While the VAT cut proposed by some Conservatives would help alleviate the pain of the growing cost of living crisis, it would be a political reprieve to the imminent crisis and not an economic solution to supply problems created by bad policy. In 2017, The May administration asked Professor Dieter Helm to conduct a fundamental review of UK energy policy, widely seen even then as broken. But his report was ignored. Helm suggested burying old green debts in a bad bank, a simple economy-wide carbon tax replacing multiple charges and getting on with investment in new supply through markets. 
Boris Johnson has made the problem far worse by treating climate change as the only thing that matters. His eco-activist agenda displays contempt for the Red Wall voters who helped him into Number 10, and who will end up paying for it. Expecting public cheers for leading the world in Glasgow, he is now looking forward to angry jeers as the bills land on mats in April. This is a failure of politics and economics.
The Government needs to get past this, revisit the review and rediscover a love of capitalism. Short-term price relief is required now, while the long-term strategy must include a radical reshaping of energy markets.
Andy Mayer is Energy, Environment and Infrastructure Analyst at the Institute of Economic Affairs
7) Harry Wilkinson: The government can no longer take for granted public support for Net Zero
1828, 5 January 2021
The government has lazily taken the public’s support of its Net Zero agenda for granted.


While its ambition to reduce emissions and improve environmental standards is broadly supported, when people are confronted with the prospect of higher taxes and more expensive energy bills, this support starts to evaporate. The public cannot be fooled. They simply will not accept the substantial and growing costs of decarbonisation.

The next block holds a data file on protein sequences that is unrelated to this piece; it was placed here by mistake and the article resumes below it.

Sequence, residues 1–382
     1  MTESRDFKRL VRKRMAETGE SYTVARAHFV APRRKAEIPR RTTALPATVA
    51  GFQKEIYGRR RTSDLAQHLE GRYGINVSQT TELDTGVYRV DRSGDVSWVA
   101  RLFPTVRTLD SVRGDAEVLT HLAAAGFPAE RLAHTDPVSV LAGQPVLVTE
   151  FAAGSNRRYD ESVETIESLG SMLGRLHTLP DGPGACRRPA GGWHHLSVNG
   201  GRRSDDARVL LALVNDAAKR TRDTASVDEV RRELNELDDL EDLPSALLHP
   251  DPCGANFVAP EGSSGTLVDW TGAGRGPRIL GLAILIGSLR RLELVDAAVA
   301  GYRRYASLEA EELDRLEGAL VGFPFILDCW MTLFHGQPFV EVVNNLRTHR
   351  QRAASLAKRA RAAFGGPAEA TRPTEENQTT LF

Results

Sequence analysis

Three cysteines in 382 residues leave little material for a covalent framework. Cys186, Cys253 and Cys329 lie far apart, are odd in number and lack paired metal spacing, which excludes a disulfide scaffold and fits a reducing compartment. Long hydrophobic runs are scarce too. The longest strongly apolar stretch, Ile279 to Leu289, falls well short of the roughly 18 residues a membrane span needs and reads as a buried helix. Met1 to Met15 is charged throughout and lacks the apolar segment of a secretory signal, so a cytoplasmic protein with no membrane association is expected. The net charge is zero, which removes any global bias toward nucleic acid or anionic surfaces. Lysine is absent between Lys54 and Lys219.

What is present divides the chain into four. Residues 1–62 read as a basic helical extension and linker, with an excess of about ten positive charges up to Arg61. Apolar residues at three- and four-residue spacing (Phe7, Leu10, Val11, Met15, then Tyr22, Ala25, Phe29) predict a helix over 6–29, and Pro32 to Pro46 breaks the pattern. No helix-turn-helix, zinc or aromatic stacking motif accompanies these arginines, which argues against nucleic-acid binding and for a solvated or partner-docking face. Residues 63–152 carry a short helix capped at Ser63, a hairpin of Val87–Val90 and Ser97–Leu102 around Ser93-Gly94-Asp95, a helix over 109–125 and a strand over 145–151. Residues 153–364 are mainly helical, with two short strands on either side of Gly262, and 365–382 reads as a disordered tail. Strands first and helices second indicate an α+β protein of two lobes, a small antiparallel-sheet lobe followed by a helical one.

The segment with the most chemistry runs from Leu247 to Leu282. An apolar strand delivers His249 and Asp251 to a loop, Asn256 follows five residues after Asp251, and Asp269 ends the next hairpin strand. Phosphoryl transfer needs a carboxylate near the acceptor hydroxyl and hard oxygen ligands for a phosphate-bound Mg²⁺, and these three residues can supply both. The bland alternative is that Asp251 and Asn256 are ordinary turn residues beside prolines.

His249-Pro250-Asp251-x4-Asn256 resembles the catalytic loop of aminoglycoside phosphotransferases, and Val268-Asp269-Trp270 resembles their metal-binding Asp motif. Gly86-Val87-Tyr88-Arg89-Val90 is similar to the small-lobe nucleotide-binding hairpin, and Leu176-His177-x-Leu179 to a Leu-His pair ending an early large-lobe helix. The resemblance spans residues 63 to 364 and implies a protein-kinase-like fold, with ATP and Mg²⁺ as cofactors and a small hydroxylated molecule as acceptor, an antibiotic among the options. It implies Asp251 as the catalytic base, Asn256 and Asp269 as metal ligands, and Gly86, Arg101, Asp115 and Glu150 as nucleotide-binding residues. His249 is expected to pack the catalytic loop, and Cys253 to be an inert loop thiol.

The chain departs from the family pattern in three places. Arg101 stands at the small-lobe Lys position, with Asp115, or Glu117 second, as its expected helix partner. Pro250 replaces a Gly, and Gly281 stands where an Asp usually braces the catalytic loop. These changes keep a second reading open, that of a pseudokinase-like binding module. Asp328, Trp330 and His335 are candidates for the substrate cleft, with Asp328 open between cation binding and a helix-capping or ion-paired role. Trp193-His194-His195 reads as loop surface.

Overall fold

New polling that we commissioned at Net Zero Watch bears this out. When asked if they were willing to pay higher taxes to help reach Net Zero targets, 58 per cent of British adults said they were not willing to do so, with only 34 per cent saying they were willing. Equally concerning for the Government is the broader economic context of rising inflation and in particular, energy bills. A total of 70 per cent of respondents said they were concerned about the financial impact of increased energy costs.

People rightly want to leave the environment in a better state, but this does not mean they support the finer detail of government policy. At present, while advocates of Net Zero point to its inclusion in the 2019 Conservative manifesto, the public are still being introduced to the idea that they may have to abandon their petrol cars and gas boilers, as well as reduce their meat consumption.

Many people resent these suggestions, and few feel that there has been much of a public conversation about what Net Zero should mean. Just 18 per cent of people we asked said that they felt the public had been given enough of a say, compared to 65 per cent who thought they hadn’t.

Environmental policies are quickly becoming a new dividing line within the post-Brexit political landscape. A letter from the new Net Zero Scrutiny Group of MPs made headlines for its demand that VAT and green levies should be scrapped from bills. These levies now cost in excess of £10 billion a year.